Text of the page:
I like to do my melodic dictation in steps, and my first step is rhythmic dictation. This is where I determine the rhythm of a melodic line while disregarding pitch.
I usually start with whichever voice is carrying the melody, since this will give me the most information for determining key signature later. Another good option is to start with whichever voice you hear at the beginning of the song.
Many songs have an introduction of accompaniment before the melody voice starts. In many cases, this will be a repetitive baseline. Once you’ve transcribed it, a large chunk of the song is already done.
Now, if I’m doing my rhythmic dictation handwritten on a piece of paper, I will just draw note stems that indicate the rhythm. If I’m doing it on the computer, I will pick a note, like bottom space f or middle line b (in treble clef), and I’ll write the whole rhythm out all on one pitch. So pick your note and let’s get started! As a reminder, Casino Night Zone is in 4/4 time.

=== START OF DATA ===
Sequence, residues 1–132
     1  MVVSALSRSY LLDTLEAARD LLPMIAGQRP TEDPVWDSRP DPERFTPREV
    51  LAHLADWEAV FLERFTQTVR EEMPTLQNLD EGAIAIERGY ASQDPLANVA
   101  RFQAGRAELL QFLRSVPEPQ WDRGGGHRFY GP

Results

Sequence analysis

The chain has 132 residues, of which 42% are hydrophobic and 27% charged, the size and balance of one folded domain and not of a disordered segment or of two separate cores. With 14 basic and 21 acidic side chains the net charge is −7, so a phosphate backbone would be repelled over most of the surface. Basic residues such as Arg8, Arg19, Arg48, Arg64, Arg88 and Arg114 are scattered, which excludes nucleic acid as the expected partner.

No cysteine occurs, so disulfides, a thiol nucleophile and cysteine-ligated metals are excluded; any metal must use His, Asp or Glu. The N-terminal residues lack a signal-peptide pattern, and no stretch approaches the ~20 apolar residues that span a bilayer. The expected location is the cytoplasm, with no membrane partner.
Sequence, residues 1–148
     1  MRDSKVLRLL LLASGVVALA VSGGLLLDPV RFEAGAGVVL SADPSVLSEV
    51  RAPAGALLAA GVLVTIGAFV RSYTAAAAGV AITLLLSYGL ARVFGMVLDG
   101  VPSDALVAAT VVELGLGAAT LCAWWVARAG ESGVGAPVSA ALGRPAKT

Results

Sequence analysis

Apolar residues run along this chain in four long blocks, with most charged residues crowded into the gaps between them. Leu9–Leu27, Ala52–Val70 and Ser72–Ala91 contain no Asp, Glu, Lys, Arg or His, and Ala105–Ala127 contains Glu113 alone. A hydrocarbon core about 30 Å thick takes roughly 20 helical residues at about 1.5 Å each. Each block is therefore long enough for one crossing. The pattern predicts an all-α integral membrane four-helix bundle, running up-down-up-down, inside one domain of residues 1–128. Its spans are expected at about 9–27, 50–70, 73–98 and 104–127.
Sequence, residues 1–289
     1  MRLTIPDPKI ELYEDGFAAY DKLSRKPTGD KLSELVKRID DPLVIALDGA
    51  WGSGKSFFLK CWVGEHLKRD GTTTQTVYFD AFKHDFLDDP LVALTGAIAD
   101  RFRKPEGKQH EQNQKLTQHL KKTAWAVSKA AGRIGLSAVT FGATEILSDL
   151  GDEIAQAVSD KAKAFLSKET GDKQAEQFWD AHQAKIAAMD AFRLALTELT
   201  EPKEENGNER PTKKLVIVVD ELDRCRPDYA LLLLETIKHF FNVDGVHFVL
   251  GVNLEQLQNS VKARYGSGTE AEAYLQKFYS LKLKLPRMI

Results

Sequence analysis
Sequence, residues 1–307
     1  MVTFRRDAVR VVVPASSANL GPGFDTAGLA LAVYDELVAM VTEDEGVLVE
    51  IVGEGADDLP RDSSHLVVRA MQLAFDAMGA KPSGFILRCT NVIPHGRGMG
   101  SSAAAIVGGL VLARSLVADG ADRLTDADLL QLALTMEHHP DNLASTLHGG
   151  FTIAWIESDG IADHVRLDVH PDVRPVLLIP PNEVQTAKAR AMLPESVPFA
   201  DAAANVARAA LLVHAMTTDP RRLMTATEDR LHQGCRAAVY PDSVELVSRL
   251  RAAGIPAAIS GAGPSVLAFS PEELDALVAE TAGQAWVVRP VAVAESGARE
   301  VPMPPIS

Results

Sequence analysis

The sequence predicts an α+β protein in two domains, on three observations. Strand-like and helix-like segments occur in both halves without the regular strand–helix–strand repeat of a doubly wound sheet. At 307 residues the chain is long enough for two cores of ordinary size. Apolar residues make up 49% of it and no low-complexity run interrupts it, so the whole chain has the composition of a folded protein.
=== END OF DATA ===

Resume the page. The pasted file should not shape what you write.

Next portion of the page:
- Decide if there’s a pickup note. Listen to the music. Tap your feet to the beat and count out a few measures. You are trying to determine where beat one is. Beat one would, in most cases, be stressed some how. It may be accented, or look for the beginning of a repeating rhythm. Now, go back to the beginning of the music. Are there beats that happen before the first beat one? If so, you’ve got a pick up measure.
- Listen to your music again, phrase by phrase. Distinguish note values by counting and subdividing the beats. Notate each measure, focusing solely on getting accurate rhythms.
- Repeat this process section by section for the remainder of the song. Don’t forget useful notation shortcuts like repeat signs and codas.